A little warning: the following deals with philosophical questions on the ethics of being informed by the news. Some may find them discomforting.
During the second week of the Winter break, I was happy to visit some of my family in a small city in Alberta. It’s not such a small place that unlimited wifi is inaccessible, like it is at my Aunt’s house in the country. In fact, wifi is provided around the city by a tower! As usual, I had a great time there. I spent time with my Grandma, went bowling, to the theatre, and even axe throwing! I had some downtime too, playing Kerbal Space Program, scrolling through the unending For You page of TikTok, and catching up on some much-needed sleep by staying in bed until 2 PM a couple of times. Importantly though, I rarely watched YouTube. For me, an addict, this was quite amazing. I love watching YouTube to learn, be entertained, and stay informed by subscribing to news channels like the CBC. I also watch news that catches my interest on the Trending tab which is usually from the USA. To be honest, the main reason I didn’t watch much YouTube was probably that I was too lazy to hold my phone up (having removed my Popsocket which could do it for me), but that wasn’t an issue at all. Instead, I spent my time doing other things.
A few days ago, a friend mentioned the ‘World War III’ news to me and they said Trump’s name. I was confused. I had seen a few memes concerning some Third World War on TikTok, but had no idea they were in response to a large news event. It’s only when I actively googled that I became aware of the existence of the assassination of Qasem Soleimani. I later watched a YouTube video by the CBC to learn more, and it’s then that I realized that, in my absence from YouTube, not only did I not see the posts of my favourite creators, I was unaware of world events. Admittedly, I still learnt about the event on the same day it happened, but still, not before it had spread to memes on social media.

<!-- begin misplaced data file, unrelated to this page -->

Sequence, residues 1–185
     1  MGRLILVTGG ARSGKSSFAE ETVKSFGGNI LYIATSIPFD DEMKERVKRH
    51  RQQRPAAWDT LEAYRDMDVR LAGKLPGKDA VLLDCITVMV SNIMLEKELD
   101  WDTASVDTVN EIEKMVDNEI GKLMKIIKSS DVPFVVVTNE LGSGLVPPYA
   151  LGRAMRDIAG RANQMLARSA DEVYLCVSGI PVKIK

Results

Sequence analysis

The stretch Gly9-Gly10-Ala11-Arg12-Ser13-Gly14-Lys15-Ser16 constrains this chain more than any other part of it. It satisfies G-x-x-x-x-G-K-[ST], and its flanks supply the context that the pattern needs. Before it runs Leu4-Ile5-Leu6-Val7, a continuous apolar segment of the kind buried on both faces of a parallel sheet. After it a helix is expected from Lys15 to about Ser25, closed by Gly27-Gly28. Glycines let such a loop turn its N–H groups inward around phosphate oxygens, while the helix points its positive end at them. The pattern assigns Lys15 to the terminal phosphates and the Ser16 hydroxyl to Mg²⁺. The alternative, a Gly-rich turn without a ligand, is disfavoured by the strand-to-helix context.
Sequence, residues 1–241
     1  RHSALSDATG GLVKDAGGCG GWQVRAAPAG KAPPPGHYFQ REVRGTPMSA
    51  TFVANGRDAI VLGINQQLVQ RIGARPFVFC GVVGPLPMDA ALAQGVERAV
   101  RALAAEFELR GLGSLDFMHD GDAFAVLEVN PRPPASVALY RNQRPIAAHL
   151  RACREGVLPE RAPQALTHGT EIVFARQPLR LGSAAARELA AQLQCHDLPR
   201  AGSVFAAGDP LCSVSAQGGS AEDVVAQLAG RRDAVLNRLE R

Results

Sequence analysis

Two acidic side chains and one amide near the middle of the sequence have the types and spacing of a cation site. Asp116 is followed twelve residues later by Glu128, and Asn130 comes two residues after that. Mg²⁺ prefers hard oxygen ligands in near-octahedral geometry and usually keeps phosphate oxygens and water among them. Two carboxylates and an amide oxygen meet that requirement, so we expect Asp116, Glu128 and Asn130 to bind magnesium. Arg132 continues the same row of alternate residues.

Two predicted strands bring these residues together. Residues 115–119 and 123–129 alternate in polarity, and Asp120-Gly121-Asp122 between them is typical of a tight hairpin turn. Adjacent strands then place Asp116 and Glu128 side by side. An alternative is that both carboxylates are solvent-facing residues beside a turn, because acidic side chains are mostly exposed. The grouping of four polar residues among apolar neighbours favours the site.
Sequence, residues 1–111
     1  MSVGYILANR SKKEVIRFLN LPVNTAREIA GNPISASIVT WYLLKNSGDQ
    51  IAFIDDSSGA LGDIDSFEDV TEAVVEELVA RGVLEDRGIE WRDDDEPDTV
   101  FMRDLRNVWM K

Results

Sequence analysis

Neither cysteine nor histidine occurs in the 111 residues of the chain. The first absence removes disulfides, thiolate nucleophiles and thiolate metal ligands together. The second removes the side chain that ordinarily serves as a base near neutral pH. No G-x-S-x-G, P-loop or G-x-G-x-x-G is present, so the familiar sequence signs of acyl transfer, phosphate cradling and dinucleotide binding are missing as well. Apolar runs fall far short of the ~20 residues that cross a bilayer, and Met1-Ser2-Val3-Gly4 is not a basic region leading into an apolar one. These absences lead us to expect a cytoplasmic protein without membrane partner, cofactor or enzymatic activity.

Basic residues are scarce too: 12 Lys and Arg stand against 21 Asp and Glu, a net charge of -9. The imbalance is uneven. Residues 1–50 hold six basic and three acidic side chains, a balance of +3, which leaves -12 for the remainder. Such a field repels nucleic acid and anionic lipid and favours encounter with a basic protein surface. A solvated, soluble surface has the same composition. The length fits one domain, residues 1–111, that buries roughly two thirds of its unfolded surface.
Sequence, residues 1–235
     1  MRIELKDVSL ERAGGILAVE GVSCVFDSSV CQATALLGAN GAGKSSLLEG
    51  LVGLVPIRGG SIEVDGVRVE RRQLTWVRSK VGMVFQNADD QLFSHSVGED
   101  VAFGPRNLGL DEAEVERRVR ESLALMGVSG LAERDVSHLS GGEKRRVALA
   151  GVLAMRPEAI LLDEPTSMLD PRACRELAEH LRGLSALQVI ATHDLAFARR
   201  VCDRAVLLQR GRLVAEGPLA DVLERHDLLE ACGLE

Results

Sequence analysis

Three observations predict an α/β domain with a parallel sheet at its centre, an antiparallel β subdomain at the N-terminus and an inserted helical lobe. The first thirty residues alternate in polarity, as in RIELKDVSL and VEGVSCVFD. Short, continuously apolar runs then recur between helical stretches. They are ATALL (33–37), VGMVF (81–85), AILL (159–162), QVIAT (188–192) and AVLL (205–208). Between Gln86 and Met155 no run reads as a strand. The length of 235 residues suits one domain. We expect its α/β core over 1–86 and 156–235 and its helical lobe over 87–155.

An issue arises here. During my time in Alberta, I had a lot of fun. It’s clear that my lack of awareness of world events did not make me feel like I was missing anything. After all, I was concentrated on my family and our activities. However, the details of the airstrike made me a little nervous that I hadn’t heard about the whole thing swiftly. We are taught that it is good to be informed, but I experienced the bliss of having some ignorance. Unlike some, I had no fear for my future, only embarrassment at my shockingly low score in bowling. On one hand, it’s important to be informed for safety. The news might warn you of a natural disaster. There may also be an ethical obligation to stay informed. On the other hand, it may be important for us to rest our minds from the turbulent sea of scandal and sadness that the news displays. Could it be then that we construct an appreciation of the good in humanity? An appreciation for family?
As of writing this, I haven’t given these questions enough thought to come up with an opinion, but I do have this one: it’s good for me to be somewhat aware of these questions. I shouldn’t be too caught up in the news stream, constantly watching videos that take me away from getting anything else done. I also shouldn’t exist in a bubble of ignorance, absent from what is happening elsewhere. There might just be a balance between the two.